Opposing opinions regarding marriage and divorce set off an ongoing and provocative debate between Allison Tyler-Wilcox, notable journalist, and the seven-times-divorced, mule-breeding Jake Sorenson, as Allison endeavors to discover why some people seem compulsively attracted to the idea of marriage.

Despite his matrimonial failures–and his current dubious relationships–Jake maintains he has been uncommonly “lucky at love.” During muleback rides and impromptu tango dances, Jake shares with the level-headed Allison his distinctly unique philosophy of life and love, leaving her confused for the first time about her marriage, her ideals, and her feelings for the roguish mule breeder.

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Backstory for Lucky at Love

I encountered the inspiration for Lucky at Love at wedding, ironically enough. I had heard all about the bride’s Uncle Stuey—his larger-than-life personality, his numerous marriages and divorces. I don’t know what I was expecting, but it sure wasn’t a mountain of a man with a wild spray of reddish-grey hair sticking out from under an ostrich-skin buckaroo hat. Surrounded by an admiring flock of woman of every age and description, Uncle Stuey pronounced that some people should never get married, to which he raised his hand.

I remember standing there, marveling at this man in his sixties who wasn’t the least bit daunted by life or the opposite sex, or anything else for that matter. I too was mesmerized, for I couldn’t quite connect this guy with the stories I’d heard about him. Confidence obviously wasn’t a problem for him; he had it in spades with tons to spare, and it was probably what had attracted so many admirers.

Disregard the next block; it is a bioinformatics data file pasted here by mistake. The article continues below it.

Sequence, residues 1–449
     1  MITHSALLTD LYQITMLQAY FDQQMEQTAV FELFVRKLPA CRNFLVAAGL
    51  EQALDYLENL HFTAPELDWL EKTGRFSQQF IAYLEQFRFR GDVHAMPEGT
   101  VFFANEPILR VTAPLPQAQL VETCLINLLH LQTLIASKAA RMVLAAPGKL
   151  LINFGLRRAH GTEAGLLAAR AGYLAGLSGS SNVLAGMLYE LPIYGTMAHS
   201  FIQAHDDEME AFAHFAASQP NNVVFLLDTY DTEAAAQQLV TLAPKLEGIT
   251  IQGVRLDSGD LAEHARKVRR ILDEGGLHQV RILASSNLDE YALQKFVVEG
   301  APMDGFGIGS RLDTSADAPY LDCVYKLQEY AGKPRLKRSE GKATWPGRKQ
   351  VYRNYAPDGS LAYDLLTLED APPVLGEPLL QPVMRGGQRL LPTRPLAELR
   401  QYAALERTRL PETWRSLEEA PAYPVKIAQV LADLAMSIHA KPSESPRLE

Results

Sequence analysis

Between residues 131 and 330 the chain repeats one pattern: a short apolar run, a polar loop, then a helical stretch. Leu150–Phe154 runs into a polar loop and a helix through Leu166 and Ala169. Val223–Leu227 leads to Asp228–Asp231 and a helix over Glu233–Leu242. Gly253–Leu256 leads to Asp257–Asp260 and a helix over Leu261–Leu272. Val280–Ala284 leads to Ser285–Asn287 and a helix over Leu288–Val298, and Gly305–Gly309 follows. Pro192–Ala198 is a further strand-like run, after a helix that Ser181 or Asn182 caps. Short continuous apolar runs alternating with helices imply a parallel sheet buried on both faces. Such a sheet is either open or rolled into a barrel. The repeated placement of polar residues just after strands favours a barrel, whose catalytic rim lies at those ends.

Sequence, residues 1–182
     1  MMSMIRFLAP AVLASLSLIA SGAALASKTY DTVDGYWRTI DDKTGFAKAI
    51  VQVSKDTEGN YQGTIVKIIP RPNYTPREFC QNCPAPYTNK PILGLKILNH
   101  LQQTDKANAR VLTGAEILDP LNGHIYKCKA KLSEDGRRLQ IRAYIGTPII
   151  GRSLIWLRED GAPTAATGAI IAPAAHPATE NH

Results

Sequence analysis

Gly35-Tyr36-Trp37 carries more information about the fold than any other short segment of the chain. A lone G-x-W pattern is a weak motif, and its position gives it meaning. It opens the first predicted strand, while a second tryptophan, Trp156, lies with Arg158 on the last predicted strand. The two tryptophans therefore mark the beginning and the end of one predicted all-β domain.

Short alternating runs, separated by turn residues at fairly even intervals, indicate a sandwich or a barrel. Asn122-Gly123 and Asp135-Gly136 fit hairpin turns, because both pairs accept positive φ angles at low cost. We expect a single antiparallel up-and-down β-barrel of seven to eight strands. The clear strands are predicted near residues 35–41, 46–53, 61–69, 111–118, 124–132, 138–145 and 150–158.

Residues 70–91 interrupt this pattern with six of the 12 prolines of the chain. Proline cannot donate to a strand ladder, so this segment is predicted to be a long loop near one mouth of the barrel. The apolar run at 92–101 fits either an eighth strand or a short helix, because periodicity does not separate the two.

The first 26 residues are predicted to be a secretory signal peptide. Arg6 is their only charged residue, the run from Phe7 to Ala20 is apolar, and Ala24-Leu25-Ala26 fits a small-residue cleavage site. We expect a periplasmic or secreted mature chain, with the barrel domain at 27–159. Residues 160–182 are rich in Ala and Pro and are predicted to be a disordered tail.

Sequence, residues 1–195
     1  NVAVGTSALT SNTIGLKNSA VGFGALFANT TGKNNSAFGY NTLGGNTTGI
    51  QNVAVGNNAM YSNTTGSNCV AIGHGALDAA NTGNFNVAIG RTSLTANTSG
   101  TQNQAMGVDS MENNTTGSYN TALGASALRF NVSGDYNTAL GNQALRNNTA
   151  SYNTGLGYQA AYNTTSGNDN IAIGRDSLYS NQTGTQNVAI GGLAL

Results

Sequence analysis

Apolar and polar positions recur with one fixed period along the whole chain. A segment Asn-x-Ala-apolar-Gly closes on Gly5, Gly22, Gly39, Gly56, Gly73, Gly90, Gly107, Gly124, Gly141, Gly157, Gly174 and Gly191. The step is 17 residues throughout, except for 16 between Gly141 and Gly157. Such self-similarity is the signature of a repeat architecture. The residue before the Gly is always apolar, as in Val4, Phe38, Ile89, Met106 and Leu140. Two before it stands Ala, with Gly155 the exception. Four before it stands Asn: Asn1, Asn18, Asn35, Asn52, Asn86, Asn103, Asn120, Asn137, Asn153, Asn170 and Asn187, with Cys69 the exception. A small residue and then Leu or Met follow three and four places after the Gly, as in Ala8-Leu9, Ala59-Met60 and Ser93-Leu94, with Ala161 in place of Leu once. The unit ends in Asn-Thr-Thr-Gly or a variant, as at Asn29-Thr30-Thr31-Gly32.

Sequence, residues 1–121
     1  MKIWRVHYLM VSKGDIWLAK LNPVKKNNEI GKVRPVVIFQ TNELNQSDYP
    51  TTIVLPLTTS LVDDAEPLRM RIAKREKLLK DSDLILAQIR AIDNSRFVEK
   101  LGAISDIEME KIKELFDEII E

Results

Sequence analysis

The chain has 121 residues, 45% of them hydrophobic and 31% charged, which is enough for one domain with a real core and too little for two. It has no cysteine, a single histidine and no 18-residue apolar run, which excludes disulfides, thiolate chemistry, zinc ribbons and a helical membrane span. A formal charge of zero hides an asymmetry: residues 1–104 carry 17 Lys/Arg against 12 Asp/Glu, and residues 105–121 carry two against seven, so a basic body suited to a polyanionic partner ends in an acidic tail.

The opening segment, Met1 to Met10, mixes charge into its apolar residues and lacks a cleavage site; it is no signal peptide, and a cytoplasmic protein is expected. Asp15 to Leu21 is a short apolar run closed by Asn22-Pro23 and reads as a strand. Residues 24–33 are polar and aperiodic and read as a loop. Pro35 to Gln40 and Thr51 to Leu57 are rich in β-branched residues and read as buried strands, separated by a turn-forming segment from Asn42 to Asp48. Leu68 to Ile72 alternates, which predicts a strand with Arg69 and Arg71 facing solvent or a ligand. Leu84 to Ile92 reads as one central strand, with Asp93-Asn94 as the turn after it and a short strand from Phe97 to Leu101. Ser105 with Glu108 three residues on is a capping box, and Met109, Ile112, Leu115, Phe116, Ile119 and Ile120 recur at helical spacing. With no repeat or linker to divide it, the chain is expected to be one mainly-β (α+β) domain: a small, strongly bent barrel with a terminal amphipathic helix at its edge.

Later, after the ceremony, while we were seated at the same table as the bride’s family, Uncle Stuey let my husband know that he was next in line should my husband get tired of me. I took the rather brazen remark as a kind of compliment—or warning—and continued to study this novelty of a sex symbol.

Three of Stuey’s siblings were also seated at the table. They delighted in recounting the parade of women who had gladly accepted his hand in marriage, only to have their hopes dashed by divorce. I got the impression there was much more to this rugged individual than met the eye.

As we walked back to our car, my mind struggled to understand the phenomenon called Uncle Stuey. Women seemed to drop at his feet, as witnessed by me when the mother of the groom offered to be wife #8, in front of her own husband. But what about Stuey? After so many failed marriages, you’d think he’d taken the cure.

For me, that was the hook: how could someone admit he was the kind of person who shouldn’t get married, all the while knowing that if his heart told him to do it again, he would without hesitation.

During the ride home, I knew as a writer I had to delve into the mind of a serial matrimonialist. The character would have to share Stuey’s overall package. His looks had to be arresting—though not because of obvious beauty, rather an apparent lack therefore. He had to have the same fearlessness and confidence and some sort of raw animal magnetism. I had to capture the essence of Stuey, then look inside his mind and heart to find out what made him tick.

While I finished the book I’d been working on at the time, I came up with the idea of having the story told by a slightly obsessed, award-winning journalist. I decided she’d travel to rural Oregon to get a better idea of the man behind the enigma.

Allison Tyler-Wilcox is the antithesis of Jake Sorenson. Yet when they face off at the Buckin’ J Ranch, they have an undeniable chemistry, regardless of their differing views on just about everything.

Lucky at Love started out as an “anti-love story.” All I can say is it didn’t really go as I had planned it. As one male reader so eloquently put it, “It’s not a love story; it’s a story about love.”

I like that.

As a P.S., I must add that the inspiration for Jake had remarried by the time I finished Lucky at Love. I guess this proves that some guys just never give up…